Labor can support the idea that WMD exists, and even support the invasion of Iraq, but only provided those other enlightened countries of France, Germany, Russia and China on the UN security Council give their approval to act – because apparently it’s only when it is a US adventure that it’s a problem. So opposition to Iraq ends up coming down to something so narrow as worrying about the treatment of someone whose actions suggest the absence of any redeeming features, other than coming from Adelaide. Furthermore when it comes to Afghanistan, which the other powers did approve, there is barely a peep.
The Australian political class has long been adept at manipulating anti-Americanism to cover its weakness. However, Wikileaks is bringing out something else more recent that is also becoming useful in limiting opposition. We have already seen how the hollowing out of the political process has drawn the media into playing a more intimate role in politics. It was especially brought out under Rudd, when his attempts to circumvent the traditional political class and its media channels, raised the ire of the fourth estate.
It’s this intimate relationship between the media and the political system that, as Antony Lowenstein points out in The Drum, journalists like Kelly are trying to protect when they defend the practice of Australian politicians briefing the media and US diplomats on the imminent fall of an elected Prime Minister before they decide to inform the rest of us. But Lowenstein is looking at this relationship between media and politics in a too one-sided way. He points to an arrangement that was already in retreat. The increasing inability of the political class to control the agenda, and the way the media have become caught up in the mess, has only become more evident after the fall of Rudd.
The importance of the reaction to Wikileaks is the way it shows a new way this partnership between media and politics is developing. It comes out in the issue that everyone likes to stick their chest out on – especially on the internet – censorship.
The right to freedom of expression is a fundamental democratic right and is seen at stake with attempts to suppress Wikileaks. Support has come not just from the media but also from political activists on the basis that irrespective of whether the right claims that the leaks are life threatening or just old news, it doesn’t matter because these supporters of Assange are only interested in upholding the basic democratic right of self expression.
No they’re not. If they were, then they would be up in arms about the current attempt to silence a high profile journalist on no worse grounds than offending a group of his readers. Of course, they’re not, because the journalist is Andrew Bolt and the people offended are indigenous. The Bolt defamation case is a pathetic political initiative at a time when there is so little challenge to the suspension of anti-discrimination laws to deny equal welfare treatment to indigenous communities in the Northern Territory. However, it is clearly causing no problem with anti-censorship activists because the politics behind it are not a problem, while the politics behind the attempt to constrain Assange’s anti-US government agenda clearly is for these activists. Having an underlying political agenda is fine, but let’s just call it for what it is, instead of trying to call it a high principled one of censorship and the right to know, which it is not. If we did, perhaps the reality of the political landscape that this chest-beating over censorship obscures, would become a bit clearer.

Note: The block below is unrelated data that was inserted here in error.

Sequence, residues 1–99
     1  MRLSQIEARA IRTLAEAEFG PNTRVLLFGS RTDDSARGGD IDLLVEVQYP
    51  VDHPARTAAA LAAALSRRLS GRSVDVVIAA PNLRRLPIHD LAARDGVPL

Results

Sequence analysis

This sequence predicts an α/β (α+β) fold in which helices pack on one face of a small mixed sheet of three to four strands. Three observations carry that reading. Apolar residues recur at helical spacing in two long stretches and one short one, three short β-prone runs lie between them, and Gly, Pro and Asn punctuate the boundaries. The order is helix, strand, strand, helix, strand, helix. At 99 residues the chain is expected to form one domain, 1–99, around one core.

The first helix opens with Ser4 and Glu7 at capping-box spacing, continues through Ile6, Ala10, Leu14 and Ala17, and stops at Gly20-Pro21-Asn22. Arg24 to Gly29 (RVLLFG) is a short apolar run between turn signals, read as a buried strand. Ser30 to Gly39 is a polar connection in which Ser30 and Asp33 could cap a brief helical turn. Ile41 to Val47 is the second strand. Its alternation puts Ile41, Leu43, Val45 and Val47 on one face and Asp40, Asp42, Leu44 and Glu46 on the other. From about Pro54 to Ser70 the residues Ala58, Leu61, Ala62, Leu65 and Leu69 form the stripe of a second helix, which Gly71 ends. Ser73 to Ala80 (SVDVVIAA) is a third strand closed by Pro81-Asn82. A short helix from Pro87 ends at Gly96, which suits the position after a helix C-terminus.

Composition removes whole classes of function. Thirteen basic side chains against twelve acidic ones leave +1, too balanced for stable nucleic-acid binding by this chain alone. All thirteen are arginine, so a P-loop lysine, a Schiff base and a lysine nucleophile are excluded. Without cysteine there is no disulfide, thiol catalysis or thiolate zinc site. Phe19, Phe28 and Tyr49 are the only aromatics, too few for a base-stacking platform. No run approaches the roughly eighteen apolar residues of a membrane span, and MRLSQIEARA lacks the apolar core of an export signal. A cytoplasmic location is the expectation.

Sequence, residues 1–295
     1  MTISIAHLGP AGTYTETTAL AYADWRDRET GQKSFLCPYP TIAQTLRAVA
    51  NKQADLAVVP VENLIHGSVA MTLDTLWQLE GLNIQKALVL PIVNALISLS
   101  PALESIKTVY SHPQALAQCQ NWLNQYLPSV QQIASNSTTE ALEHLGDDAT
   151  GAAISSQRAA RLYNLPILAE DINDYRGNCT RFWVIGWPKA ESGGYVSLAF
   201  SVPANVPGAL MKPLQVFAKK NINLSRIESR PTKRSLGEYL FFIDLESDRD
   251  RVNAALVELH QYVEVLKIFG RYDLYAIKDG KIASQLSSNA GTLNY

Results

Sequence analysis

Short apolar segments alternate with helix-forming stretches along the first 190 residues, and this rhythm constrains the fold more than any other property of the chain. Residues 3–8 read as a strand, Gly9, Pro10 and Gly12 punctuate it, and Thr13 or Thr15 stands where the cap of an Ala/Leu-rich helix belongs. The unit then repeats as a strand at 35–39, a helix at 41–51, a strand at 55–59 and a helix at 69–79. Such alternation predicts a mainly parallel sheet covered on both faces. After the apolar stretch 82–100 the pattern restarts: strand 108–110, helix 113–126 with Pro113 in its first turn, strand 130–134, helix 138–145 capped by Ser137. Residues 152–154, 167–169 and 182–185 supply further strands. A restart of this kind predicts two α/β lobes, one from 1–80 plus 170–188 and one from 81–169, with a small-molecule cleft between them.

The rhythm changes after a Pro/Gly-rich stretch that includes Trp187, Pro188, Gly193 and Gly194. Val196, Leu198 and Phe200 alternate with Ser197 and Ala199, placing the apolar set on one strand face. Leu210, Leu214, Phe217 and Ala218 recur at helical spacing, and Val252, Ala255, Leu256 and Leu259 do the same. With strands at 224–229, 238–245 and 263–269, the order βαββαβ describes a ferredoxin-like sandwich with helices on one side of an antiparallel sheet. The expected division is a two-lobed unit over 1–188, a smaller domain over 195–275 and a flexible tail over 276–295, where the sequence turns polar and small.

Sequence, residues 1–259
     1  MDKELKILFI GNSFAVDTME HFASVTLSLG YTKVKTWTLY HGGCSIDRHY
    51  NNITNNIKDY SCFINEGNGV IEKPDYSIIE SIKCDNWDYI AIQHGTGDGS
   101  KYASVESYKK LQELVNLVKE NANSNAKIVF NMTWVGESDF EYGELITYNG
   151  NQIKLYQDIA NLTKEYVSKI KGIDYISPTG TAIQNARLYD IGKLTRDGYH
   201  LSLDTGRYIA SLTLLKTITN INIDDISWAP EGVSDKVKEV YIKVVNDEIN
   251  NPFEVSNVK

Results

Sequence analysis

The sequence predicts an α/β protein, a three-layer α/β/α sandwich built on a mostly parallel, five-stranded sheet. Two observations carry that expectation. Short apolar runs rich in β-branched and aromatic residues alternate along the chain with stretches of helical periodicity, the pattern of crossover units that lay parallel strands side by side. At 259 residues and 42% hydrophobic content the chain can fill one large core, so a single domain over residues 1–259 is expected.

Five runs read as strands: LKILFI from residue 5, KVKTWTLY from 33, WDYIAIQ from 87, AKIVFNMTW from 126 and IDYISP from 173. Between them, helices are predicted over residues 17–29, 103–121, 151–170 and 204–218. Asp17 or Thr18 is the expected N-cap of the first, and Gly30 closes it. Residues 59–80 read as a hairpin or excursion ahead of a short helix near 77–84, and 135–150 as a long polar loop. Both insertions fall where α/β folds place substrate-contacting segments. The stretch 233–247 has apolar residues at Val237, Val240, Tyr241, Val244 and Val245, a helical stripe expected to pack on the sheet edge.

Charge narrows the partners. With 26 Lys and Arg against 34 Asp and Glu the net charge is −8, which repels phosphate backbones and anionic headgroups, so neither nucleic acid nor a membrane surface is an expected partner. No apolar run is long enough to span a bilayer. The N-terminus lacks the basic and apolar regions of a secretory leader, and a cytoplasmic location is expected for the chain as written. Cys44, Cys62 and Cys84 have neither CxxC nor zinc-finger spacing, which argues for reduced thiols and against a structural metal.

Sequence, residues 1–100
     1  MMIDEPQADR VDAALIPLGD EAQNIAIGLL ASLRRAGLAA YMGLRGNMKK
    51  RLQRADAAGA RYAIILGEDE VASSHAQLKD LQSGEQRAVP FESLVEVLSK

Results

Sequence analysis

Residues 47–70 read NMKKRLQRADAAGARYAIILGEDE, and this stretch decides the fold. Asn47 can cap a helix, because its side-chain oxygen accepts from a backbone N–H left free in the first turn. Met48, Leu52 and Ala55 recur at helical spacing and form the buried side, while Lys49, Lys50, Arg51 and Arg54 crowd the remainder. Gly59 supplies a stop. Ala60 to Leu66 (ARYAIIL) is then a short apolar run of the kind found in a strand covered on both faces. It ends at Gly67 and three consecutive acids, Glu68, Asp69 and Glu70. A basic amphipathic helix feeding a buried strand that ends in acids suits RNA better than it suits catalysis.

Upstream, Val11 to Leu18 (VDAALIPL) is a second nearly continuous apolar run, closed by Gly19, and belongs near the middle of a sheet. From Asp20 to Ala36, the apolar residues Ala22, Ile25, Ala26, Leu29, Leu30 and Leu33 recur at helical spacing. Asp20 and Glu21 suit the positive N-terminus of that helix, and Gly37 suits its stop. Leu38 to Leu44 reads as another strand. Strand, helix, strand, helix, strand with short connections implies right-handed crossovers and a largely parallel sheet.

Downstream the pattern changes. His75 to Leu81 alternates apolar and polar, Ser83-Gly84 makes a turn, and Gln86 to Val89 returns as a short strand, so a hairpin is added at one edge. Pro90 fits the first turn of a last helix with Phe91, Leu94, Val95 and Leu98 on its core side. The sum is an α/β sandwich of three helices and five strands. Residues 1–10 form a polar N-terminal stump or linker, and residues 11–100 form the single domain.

The media has a clear interest against censorship of any form as it limits their ability to conduct business. Even the editor of a newspaper not averse to threatening others with legal action can get that point. But that does not automatically mean everyone else does too. Yet with the response to Wikileaks there is a pretence that there are the same interests. But if the censorship angle is taken away, the politics we are left with is half-arsed anti-Americanism. Defending Wikileaks against censorship is fine, but it looks more like a substitute than part of anything that could be seen as an alternative.
We already know this because we have just had a non-debate over Australia’s main involvement in US foreign policy, Afghanistan. The main opposition came from a political group who were falling all over themselves to show respect for the job being done by the troops over there, as though such ‘respect’ has any meaning for troops fighting what is supposed to be a wrong war. This is why calls to support Wikileaks and uphold the public’s need to get access to information is a moot point, because there is little sign of anything that would know what to do with it.
Just as the media are becoming more involved in the political process, so are politicos getting caught up in the media. With Wikileaks, this is not just at the level of government and obsession over media spin, but even what is supposed to be its alternative. So we have radicals confusing blogging on the internet for political action and, not surprisingly, given the chummy community between journos and political bloggers that can be seen every day on Twitter, the concerns of such activists are increasingly those of the media.
Focus on censorship sounds noble but is hollow with no answer to the real question of interest to anyone who doesn’t want to be just a faux media player, but who actually wants to see things progress: what is out there actually worth censoring?
Posted by The Piping Shrike on Monday, 20 December 2010.Filed under Media analysis